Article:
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Is online study right for you?


Is online study right for you?


Online study has evolved into a format designed specifically for students with busy careers and lives. Swinburne Online’s Sue Kokonis has led teaching in online and offline modes and shares with Marketing her experience on the evolution of elearning and the decision-making process students face.


* Sponsored content – this article was produced by Marketing and commissioned by Swinburne Online. Applications for Swinburne Online’s next MBA intake close Friday 23 October.  


A decade ago, most people choosing to study remotely did so because distance precluded them from attending physically. They were accommodated, if not quite embraced. They’d be sent a package of textbooks, work through them and then rock up for the exam.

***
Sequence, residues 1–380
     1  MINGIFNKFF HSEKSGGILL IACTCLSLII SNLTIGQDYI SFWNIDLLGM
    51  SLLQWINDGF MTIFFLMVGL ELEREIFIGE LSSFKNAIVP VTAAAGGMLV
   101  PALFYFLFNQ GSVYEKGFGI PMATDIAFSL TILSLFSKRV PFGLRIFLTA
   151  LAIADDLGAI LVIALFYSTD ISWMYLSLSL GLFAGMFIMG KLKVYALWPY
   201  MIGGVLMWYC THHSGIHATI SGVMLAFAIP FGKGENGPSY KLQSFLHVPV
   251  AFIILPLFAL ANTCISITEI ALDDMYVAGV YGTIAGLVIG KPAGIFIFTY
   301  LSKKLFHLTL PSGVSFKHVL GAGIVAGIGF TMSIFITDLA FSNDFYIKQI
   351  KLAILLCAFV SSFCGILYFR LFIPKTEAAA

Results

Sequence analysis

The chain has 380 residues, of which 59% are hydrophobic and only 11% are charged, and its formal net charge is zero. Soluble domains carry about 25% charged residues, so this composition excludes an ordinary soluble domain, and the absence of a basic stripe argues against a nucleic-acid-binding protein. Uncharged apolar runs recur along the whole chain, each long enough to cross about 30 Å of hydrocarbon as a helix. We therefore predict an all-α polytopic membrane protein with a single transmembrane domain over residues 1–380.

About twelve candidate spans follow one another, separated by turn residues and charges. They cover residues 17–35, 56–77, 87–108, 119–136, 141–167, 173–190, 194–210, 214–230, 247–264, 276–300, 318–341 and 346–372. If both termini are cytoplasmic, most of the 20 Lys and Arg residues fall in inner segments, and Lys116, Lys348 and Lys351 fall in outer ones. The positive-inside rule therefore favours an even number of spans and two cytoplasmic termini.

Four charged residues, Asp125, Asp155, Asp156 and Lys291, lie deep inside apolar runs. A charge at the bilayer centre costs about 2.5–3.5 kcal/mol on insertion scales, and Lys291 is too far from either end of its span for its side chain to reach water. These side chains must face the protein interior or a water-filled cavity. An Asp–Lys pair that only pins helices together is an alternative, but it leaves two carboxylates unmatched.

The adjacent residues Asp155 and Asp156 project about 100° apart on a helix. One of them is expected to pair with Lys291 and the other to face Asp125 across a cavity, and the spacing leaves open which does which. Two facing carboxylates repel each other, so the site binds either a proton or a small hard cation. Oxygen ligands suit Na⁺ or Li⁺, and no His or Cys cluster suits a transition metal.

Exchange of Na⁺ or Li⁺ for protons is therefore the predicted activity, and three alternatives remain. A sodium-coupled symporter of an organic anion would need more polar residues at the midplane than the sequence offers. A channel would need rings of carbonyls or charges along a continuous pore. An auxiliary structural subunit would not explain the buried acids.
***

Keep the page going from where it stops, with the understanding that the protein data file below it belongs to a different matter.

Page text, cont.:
Over the last few years, higher education institutions have improved considerably in how they deliver online learning. Technology has made social inclusion much easier, while round-the-clock help desks are a phone call away – and specialised for an elearner’s challenges.

With enrolments for the next intake of online studies closing soon, Marketing asked Swinburne Online’s academic director Sue Kokonis about the ins and outs of online study, who it’s right for, and what factors to take into account when deciding how to take that next step in education.

Kokonis directs the academic team at Swinburne Online, providing leadership and support to the educational department. She’s well-placed to compare and contrast different learning formats – prior to moving into the world of elearning, Kokonis was associate dean and chair of the learning and teaching committee at Swinburne’s Faculty of Higher Education in Lilydale.